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Any english teachers in Poland here with tips to share?


masks98 27 | 289  
15 Jun 2008 /  #1
I just wanted to holler at any English teachers working here in Poland, whether you're Polish or a "native speaker." I think there should be some interesting tips, stories to share no? Anyone fit the description?
SeanBM 35 | 5,808  
15 Jun 2008 /  #2
I used to teach English, the most embarrassing thing that happened to eemmm...
It was my first time in Poland, 7 years ago, I was working and wanted to learn Polish and pronounce everyone's name the Polish way. It was all fine, a few tongue twisters, but one day I asked for Barbra, and trying to say it the Polish way I said " Is bara bara here?" well everyone fell around laughing, except one girl, who looked at me as if to say, WTF? I just continued the class as professionally as I could... I found out later Bara bara means something like "a quicky" or "nookey"
Wroclaw 44 | 5,384  
15 Jun 2008 /  #3
Polish or a "native speaker."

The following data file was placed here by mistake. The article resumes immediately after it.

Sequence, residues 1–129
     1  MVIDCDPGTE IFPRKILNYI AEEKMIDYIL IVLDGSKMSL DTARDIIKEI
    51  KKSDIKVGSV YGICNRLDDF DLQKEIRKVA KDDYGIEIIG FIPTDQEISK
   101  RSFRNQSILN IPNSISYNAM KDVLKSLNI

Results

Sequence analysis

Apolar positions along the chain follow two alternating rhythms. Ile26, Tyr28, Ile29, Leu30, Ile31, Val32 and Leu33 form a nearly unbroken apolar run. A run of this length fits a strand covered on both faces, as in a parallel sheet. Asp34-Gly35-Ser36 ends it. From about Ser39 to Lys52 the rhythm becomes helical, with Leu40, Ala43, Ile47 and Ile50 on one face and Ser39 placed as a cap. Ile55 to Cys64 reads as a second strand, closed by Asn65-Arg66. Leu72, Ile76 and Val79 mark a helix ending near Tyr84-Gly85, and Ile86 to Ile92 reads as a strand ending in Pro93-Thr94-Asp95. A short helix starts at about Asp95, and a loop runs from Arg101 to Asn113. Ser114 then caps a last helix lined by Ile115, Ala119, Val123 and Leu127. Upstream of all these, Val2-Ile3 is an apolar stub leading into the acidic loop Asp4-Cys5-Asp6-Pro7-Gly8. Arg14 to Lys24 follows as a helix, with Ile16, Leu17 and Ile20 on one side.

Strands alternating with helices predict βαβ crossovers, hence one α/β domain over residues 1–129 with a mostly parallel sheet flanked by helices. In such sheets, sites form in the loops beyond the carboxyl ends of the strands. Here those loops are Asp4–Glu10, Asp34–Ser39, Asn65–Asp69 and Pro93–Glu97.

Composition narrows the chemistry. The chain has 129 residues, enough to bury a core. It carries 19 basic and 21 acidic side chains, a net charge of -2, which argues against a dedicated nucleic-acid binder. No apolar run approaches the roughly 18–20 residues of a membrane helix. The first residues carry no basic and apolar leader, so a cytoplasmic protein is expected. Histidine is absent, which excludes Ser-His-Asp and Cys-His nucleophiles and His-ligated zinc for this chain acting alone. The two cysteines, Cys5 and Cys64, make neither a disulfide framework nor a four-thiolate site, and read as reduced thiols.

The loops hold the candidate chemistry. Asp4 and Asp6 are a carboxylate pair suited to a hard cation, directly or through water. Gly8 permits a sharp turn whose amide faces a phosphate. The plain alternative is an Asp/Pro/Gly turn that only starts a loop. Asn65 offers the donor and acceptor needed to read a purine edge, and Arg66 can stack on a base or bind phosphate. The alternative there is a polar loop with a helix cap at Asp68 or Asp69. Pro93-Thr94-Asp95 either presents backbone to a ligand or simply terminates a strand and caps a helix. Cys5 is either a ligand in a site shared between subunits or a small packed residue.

I'm both.
Michal - | 1,865  
15 Jun 2008 /  #4
ust wanted to holler at any English teachers working here in Poland, whether you're Polish or a "native speak

Where in Poland are you? Also, do you enjoy the job? Is it satisfying?
SeanBM 35 | 5,808  
15 Jun 2008 /  #5
I am just curious, do native English teachers get such good benefits now as 7 years ago when there were fewer?
The company I worked for bought my plane tickets (3 in total) and this was before cheap flights. I got 4000 zloty a month, it was more then, things were cheaper and they got me a beautiful flat just off rynek glowna in Krakow.
OP masks98 27 | 289  
15 Jun 2008 /  #6
"Bara Bara" good to know...I once misheard what one of my students said, so I said "Kupa" like five times before they nearly passed out laughing (they were kids.) turned out they were talking about someone named "Kuba".